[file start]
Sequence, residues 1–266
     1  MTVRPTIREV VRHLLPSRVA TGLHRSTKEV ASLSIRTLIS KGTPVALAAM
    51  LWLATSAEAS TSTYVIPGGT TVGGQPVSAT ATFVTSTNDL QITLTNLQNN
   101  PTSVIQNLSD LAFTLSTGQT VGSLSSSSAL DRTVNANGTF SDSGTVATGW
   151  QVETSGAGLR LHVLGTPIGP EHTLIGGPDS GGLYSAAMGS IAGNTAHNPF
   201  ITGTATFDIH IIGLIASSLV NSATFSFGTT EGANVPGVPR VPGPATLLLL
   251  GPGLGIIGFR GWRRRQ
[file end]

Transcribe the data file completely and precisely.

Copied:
Sequence, residues 1–266
     1  MTVRPTIREV VRHLLPSRVA TGLHRSTKEV ASLSIRTLIS KGTPVALAAM
    51  LWLATSAEAS TSTYVIPGGT TVGGQPVSAT ATFVTSTNDL QITLTNLQNN
   101  PTSVIQNLSD LAFTLSTGQT VGSLSSSSAL DRTVNANGTF SDSGTVATGW
   151  QVETSGAGLR LHVLGTPIGP EHTLIGGPDS GGLYSAAMGS IAGNTAHNPF
   201  ITGTATFDIH IIGLIASSLV NSATFSFGTT EGANVPGVPR VPGPATLLLL
   251  GPGLGIIGFR GWRRRQ